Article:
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‘Whole-society’ approach needed to tackle financial exclusion

The Money Advice Trust has today called for a ‘whole-society’ approach to tackling financial exclusion, with a stronger leadership role from Government, in evidence to the House of Lords Financial Exclusion Committee.  The Committee, chaired by Baroness Tyler of Enfield, is examining financial exclusion and access to mainstream financial services.

The charity, which runs the free National Debtline advice service, pointed to fundamental issues around poverty, low levels of financial capability, products and services that do not always meet the needs of low-income consumers, barriers arising from new technology, vulnerable circumstances and problem debt as among the most significant causes of financial exclusion. 

In its written submission to the Committee’s call for evidence, which closes today, the Trust describes financial exclusion as “a significant social problem, the scale of which necessitates a co-ordinated, whole-society strategy in response”, and calls on the Government to a “greater leadership role” in improving financial inclusion in the UK.

The Trust has called for a renewed focus on financial inclusion from the new Government and interventions including;

  • Implementing the Financial Inclusion Commission’s recommendation for a senior governmental lead on the issue – a ‘Minister for Financial Health’ – and departmental champions, working in conjunction with local, regional and devolved government
  • Earlier, more co-ordinated financial education in schools and giving the new money guidance body replacing the Money Advice Service from 2018 a statutory co-ordinating role in financial capability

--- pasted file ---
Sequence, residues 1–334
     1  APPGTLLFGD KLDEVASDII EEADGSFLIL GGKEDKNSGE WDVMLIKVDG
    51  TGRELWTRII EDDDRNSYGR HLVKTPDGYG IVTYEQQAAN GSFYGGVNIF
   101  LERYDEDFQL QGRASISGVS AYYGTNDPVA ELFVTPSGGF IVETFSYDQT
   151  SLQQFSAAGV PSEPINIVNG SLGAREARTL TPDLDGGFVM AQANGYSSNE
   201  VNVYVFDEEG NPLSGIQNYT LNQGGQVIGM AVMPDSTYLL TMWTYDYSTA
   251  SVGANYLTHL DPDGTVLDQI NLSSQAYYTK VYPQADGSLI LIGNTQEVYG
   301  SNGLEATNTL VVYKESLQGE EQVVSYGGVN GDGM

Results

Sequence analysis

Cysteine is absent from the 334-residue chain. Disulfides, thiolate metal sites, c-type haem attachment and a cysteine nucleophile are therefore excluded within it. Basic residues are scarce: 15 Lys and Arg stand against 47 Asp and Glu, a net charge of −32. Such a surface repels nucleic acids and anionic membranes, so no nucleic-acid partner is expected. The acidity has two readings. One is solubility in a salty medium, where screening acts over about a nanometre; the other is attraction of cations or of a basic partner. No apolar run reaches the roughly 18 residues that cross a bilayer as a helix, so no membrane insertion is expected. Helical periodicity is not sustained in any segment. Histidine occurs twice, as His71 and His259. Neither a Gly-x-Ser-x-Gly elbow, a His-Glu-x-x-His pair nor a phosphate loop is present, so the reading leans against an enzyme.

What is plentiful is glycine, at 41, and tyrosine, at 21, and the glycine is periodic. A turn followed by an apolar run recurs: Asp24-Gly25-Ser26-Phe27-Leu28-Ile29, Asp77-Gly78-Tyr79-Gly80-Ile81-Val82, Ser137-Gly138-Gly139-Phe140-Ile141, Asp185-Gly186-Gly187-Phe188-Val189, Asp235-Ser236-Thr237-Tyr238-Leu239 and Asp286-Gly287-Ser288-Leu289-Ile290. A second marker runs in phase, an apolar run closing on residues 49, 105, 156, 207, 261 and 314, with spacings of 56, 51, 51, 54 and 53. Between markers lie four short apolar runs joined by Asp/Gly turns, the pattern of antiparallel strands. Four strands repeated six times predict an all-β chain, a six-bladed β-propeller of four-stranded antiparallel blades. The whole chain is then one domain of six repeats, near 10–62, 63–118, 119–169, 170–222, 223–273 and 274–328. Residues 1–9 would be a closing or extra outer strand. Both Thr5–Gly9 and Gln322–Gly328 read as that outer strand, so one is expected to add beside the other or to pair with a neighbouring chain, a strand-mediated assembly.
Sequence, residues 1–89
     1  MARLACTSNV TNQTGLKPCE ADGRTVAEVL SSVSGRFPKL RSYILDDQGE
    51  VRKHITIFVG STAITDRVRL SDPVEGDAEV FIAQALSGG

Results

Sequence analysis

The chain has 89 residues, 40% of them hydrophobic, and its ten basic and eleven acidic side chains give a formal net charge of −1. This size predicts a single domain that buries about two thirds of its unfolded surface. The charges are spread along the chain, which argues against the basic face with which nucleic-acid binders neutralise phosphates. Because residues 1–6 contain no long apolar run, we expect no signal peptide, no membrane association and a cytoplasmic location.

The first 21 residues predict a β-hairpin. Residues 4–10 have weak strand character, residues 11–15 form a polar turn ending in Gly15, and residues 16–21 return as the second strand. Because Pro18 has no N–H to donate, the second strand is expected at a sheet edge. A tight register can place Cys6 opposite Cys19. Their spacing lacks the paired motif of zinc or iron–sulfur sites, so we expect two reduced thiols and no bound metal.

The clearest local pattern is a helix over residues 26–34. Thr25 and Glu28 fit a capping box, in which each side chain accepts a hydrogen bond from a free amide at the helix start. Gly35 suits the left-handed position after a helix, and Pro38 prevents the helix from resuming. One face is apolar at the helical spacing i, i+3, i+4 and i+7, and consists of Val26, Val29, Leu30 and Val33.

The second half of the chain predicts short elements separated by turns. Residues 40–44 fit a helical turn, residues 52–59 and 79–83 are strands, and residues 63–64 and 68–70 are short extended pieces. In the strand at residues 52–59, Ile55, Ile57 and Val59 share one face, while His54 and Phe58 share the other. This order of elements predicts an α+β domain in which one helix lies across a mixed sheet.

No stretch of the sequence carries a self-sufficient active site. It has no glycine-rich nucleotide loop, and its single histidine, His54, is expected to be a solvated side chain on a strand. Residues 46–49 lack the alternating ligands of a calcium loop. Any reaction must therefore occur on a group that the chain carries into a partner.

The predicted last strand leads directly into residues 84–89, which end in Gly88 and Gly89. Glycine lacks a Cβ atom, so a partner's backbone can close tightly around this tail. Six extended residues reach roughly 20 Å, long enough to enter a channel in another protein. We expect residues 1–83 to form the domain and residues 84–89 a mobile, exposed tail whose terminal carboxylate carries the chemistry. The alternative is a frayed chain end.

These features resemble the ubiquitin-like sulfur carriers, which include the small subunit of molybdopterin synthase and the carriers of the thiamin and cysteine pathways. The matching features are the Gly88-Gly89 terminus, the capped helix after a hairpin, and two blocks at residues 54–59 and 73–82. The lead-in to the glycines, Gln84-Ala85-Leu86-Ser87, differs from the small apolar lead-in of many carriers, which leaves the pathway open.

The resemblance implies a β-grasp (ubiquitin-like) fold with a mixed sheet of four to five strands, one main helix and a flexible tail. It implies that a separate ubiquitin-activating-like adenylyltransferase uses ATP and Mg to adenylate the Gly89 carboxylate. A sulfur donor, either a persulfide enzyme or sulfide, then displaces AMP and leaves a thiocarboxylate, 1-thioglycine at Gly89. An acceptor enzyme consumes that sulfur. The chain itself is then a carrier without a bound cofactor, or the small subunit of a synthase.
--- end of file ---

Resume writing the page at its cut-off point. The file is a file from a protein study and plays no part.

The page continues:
• A focus on behavioural insights from financial services firms in developing and delivering timely interventions to improve financial capability at key life events, and a new fintech innovation fund to encourage new technologies explicitly aimed at supporting financially excluded groups
  • Measures to build a more sustainable and modernised credit union sector and drawing lessons from examples of affordable credit initiatives overseas, including Australia’s Good Shepherd scheme and the Irish Government’s ‘It Makes Sense’ programme
  • Action to ensure that free debt advice is fully integrated into Universal Support, with a greater role for phone and online channels, in conjunction with local face-to-face agencies for those who need face-to-face advice

The charity welcomed several recent Government interventions including on Basic Bank Accounts, pension auto-enrolment and the new Help To Save Scheme, but pointed out these policies have emerged in a “piecemeal” fashion and “have not been the product of an overarching strategy” since the end of the previous Financial Inclusion Taskforce in 2011.

Joanna Elson OBE, chief executive of the Money Advice Trust, the charity that runs National Debtline, said: “The scale and complexity of financial exclusion in the UK is so significant that nothing less than a concerted, whole-society strategy to tackle it will do.

“We believe the new Government now has an ideal opportunity to take on more of a leadership role on this crucial issue.  We hope that Ministers will carefully consider the recommendations of the Financial Inclusion Commission in its report last year, in addition to the work of the House of Lords Financial Exclusion Committee, which has given this agenda a welcome new focus in Parliament.

“Crucially, any new strategy must recognise that problem debt is both a cause and consequence of financial exclusion – and reducing the former should be seen as a crucial component of tackling the latter.  This should include ensuring that many more people in financial difficulty receive the free debt advice they need to resolve their debt problems and get back on the road to financial health.”

Read the Money Advice Trust's written evidence here.

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